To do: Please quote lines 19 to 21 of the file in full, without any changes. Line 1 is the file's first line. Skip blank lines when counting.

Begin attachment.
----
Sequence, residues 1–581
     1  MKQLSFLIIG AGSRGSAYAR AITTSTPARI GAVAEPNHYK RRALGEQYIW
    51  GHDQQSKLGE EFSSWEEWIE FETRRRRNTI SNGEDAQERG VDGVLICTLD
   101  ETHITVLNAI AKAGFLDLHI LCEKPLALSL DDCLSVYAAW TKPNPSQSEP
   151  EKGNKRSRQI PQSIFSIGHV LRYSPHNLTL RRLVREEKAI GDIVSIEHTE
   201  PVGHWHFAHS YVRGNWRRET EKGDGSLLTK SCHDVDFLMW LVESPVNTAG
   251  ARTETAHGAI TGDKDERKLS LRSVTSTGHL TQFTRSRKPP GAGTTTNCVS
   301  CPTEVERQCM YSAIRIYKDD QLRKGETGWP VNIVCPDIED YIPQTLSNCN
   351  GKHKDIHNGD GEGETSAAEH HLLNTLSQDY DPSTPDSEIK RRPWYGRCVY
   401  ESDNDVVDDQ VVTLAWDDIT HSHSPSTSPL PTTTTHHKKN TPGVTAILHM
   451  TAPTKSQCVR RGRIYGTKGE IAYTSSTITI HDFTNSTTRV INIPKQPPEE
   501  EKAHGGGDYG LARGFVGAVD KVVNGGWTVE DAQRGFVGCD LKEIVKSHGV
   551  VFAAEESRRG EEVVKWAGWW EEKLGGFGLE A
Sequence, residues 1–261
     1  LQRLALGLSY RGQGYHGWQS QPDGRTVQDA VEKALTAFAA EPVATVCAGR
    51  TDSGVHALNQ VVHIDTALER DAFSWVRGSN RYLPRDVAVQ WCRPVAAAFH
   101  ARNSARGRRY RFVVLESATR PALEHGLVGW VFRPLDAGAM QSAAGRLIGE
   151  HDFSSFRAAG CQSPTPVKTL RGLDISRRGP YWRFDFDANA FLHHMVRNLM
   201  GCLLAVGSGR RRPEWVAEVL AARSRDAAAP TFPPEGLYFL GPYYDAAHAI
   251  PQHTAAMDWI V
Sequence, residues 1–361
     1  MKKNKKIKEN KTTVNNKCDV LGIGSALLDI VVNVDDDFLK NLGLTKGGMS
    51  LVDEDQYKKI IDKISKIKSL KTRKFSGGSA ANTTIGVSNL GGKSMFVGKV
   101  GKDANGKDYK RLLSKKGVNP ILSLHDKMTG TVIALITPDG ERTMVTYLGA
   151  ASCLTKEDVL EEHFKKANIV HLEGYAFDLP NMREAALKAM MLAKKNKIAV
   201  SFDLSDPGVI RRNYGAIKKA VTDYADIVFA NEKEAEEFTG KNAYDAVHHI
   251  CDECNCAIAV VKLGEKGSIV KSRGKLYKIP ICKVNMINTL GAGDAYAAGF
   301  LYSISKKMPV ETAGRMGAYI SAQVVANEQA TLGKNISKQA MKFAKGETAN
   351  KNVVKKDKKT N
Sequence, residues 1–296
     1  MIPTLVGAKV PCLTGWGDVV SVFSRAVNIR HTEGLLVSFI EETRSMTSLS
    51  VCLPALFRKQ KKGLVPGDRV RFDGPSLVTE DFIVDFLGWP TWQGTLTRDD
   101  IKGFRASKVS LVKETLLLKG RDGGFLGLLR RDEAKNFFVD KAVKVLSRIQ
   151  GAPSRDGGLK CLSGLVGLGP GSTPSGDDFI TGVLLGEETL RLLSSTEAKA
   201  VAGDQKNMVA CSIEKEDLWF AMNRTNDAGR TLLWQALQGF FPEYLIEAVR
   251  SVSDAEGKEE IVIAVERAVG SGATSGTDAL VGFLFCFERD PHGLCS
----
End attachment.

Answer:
   201  GCLLAVGSGR RRPEWVAEVL AARSRDAAAP TFPPEGLYFL GPYYDAAHAI
   251  PQHTAAMDWI V
Sequence, residues 1–361